Consider the time spent in the average class period putting out those aforementioned fires. There are arguments among group members to sort out. Students continually turn to teachers for guidance instead of group members. The students are essentially working on their own as they feel little or no support from teammates. This sounds rather inefficient itself.

Consider all this wasted time and how it breaks the momentum of learning as interruption upon interruption disrupt the learning cycle. What would happen if we spent that time teaching to the interactive skills needed for students to successfully complete collaborative projects? Instead of all the time lost to corrective and reactionary measures for each student conflict, why not teach the skills students need to deal with these issues on their own?

Promotive interaction skills have to be taught and developed as much as any skills or content in order for students to be successful. This means that they should be prioritized in such a way that we are committing time to their development. It’s better to use the time helping students develop some positive behaviors instead of losing that same time (or more) to negative behaviors.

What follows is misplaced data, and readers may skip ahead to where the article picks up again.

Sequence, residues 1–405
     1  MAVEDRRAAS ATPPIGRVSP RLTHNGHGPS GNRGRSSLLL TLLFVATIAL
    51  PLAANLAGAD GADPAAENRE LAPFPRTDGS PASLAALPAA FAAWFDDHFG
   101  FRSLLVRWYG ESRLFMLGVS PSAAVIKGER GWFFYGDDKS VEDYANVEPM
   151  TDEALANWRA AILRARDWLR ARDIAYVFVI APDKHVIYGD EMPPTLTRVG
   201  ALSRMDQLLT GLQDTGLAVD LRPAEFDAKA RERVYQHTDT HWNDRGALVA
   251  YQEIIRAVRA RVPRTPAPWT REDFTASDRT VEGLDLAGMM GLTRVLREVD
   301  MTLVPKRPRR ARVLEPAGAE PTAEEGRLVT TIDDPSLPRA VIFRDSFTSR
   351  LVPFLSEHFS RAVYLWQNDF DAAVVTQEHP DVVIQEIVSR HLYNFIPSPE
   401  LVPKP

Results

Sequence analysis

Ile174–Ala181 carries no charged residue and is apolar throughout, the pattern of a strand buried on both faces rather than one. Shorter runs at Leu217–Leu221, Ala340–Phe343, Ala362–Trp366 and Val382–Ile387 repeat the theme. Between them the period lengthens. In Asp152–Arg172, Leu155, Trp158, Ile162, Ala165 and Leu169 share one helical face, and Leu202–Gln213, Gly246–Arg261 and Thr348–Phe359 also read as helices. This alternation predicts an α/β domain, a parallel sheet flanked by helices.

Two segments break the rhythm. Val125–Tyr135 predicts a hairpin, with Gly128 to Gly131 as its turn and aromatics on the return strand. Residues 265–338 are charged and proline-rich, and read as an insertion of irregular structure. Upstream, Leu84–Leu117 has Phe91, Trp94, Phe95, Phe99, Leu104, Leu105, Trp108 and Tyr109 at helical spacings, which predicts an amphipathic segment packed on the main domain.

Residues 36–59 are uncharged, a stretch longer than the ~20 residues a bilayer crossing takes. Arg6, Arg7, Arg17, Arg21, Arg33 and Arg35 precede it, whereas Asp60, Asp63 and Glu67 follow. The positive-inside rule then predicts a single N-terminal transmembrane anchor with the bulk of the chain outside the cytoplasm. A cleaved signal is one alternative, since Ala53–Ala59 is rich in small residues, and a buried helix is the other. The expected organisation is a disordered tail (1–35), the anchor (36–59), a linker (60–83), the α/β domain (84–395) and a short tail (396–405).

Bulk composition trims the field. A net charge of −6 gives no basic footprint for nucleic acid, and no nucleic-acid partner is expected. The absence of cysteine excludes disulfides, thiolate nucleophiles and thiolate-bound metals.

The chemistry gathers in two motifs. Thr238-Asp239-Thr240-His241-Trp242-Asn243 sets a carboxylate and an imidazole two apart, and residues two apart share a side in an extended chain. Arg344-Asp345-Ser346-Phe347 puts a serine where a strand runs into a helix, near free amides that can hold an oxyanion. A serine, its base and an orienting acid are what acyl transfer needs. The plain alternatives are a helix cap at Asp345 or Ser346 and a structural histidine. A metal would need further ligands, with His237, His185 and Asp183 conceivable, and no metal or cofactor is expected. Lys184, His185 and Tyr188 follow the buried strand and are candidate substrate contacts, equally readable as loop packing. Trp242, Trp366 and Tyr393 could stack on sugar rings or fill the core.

Zac Early is an instructional specialist and blogger with the eMINTS National Center.

Thursday’s Tip: Let the Students Lead

Student presentation
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Teachers have a lot on their plates. The stress of the job is often compounded with the pressure to simply deliver an enormous amount of content. However, teachers shouldn’t feel alone in this endeavor. There is a classroom full of students who can help.